## Abstract

Model sensitivity is a key to evaluation of mathematical models in ecology and evolution, especially in complex models with numerous parameters. In this paper, we use some recently developed methods for sensitivity analysis to study the parameter sensitivity of a model of vector-borne bubonic plague in a rodent population proposed by Keeling & Gilligan. The new sensitivity tools are based on a variational analysis involving the adjoint equation. The new approach provides a relatively inexpensive way to obtain derivative information about model output with respect to parameters. We use this approach to determine the sensitivity of a quantity of interest (the force of infection from rats and their fleas to humans) to various model parameters, determine a region over which linearization at a specific parameter reference point is valid, develop a global picture of the output surface, and search for maxima and minima in a given region in the parameter space.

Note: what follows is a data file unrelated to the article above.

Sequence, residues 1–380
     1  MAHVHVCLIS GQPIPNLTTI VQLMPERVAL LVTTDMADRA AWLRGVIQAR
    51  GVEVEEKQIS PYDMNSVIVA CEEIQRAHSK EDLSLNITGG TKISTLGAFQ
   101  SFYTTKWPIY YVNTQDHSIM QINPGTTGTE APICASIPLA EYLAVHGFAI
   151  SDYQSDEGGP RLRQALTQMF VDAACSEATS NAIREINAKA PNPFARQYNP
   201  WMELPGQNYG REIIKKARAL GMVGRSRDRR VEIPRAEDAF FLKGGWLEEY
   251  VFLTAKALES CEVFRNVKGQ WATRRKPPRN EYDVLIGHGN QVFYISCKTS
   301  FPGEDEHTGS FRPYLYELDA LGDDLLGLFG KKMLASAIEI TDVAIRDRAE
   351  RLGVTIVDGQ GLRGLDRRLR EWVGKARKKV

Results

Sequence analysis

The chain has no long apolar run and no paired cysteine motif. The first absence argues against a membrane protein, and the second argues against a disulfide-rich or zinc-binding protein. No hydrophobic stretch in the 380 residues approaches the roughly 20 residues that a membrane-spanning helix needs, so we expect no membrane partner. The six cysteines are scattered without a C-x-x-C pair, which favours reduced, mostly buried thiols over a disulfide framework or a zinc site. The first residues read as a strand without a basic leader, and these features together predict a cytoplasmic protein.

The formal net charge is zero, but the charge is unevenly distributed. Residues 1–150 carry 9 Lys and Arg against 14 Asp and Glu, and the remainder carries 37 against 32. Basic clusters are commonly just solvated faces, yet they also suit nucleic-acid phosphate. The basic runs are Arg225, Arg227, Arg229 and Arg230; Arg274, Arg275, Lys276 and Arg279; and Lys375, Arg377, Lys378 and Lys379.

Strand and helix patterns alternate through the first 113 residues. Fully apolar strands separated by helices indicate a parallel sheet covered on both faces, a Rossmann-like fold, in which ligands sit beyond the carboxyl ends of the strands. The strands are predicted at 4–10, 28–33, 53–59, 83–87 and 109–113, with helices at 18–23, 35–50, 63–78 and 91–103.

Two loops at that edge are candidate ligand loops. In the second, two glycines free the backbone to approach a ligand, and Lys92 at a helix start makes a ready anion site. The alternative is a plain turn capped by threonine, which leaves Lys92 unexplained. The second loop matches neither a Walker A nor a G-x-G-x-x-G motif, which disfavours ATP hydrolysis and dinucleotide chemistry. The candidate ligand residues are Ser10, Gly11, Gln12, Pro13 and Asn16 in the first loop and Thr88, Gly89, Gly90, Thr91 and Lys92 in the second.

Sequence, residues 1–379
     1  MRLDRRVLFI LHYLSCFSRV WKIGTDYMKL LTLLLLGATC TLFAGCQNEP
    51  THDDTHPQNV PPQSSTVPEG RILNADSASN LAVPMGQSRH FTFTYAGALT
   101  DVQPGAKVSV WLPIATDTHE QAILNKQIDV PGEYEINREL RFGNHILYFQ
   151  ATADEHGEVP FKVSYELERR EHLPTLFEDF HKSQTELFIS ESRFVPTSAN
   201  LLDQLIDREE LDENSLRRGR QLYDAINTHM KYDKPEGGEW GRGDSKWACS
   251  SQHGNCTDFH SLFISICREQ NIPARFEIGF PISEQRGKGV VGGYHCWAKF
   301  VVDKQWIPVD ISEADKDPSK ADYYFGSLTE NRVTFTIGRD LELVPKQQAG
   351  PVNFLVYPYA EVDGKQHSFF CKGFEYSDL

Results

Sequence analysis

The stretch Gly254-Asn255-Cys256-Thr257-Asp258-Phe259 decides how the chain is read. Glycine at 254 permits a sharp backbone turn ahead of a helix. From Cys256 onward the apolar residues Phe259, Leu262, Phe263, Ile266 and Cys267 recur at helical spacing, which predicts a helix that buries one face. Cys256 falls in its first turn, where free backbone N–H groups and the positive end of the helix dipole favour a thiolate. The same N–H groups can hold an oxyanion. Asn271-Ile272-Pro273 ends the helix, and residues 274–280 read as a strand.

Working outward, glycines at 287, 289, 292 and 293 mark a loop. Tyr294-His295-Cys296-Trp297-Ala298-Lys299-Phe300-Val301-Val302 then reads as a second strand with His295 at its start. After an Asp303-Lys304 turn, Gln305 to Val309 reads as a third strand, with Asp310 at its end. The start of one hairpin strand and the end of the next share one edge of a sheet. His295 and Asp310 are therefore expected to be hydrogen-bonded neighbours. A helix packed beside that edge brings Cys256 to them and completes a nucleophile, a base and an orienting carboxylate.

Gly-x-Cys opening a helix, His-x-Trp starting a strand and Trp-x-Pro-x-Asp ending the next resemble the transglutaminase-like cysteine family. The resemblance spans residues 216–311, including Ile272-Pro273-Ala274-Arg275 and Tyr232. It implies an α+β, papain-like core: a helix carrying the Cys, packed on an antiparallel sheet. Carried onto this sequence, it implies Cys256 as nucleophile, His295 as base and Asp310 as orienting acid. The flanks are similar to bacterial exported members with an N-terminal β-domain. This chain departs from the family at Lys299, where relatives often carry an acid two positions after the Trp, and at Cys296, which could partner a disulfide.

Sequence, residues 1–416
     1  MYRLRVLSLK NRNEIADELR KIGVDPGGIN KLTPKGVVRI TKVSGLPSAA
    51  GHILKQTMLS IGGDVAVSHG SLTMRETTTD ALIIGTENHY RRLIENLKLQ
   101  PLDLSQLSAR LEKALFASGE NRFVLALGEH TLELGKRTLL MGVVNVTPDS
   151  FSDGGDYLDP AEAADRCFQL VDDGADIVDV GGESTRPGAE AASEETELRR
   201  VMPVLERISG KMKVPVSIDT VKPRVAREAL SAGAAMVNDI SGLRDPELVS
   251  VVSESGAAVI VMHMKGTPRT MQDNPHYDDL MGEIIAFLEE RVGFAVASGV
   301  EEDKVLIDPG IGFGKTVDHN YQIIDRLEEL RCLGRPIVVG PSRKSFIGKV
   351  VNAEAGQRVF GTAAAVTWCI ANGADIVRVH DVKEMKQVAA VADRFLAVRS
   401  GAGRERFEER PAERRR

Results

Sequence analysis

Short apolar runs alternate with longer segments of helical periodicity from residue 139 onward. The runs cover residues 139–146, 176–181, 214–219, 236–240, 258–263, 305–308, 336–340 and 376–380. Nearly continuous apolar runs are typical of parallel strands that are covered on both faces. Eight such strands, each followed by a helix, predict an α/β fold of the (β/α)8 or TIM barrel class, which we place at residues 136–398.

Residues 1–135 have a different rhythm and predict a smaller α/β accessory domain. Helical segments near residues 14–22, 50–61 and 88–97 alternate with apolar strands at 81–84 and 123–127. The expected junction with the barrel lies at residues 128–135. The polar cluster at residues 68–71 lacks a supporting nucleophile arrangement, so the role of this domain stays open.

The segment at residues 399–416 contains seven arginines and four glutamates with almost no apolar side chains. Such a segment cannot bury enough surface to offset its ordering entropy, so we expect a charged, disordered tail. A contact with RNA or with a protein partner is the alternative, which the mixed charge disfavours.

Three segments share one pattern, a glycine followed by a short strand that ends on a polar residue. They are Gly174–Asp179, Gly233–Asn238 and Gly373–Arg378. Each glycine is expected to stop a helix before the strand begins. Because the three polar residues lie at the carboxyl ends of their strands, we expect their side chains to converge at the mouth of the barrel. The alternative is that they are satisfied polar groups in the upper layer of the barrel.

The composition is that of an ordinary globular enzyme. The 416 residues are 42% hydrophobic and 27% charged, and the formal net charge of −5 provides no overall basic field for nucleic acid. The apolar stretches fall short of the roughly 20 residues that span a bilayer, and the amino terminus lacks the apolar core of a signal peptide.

## 1. Introduction

Keeling & Gilligan (2000) analysed a deterministic model of vector-borne bubonic plague en route to developing a stochastic metapopulation model. The goal is to use the disease and population dynamics of rats and fleas to explain how sporadic epidemics can occur in human populations. The behaviour and sensitivity of the deterministic model with respect to its parameters constitute an important part of Keeling & Gilligan's considerations. Their sensitivity analysis is essentially based on the properties of the linearization of the model at a single reference value for the parameters, which is claimed to represent the behaviour of the model over a large region in parameter space. We explore the underlying basis for the Keeling & Gilligan analysis and the consequences of their conclusions.

Adjoint-based analysis (Lanczos 1996; Marchuk *et al*. 1996) is a classic way to obtain derivatives of a quantity of interest computed from the solution of a differential equation with respect to parameters in the model. In recent work (Estep & Neckels 2006, 2007), we used the derivative information obtained from the adjoint problem to develop computationally efficient sensitivity analysis tools. In this paper, we apply adjoint-based analysis and the sensitivity analysis tools from Estep & Neckels (2006, 2007) to Keeling & Gilligan's model. We determine the sensitivity of a specific quantity of interest to model parameters, determine a region over which linearization at a given parameter value is valid, develop a global picture of the output surface and search for maxima and minima in the quantity of interest in a given region in the parameter space.

### 1.1 A model of plague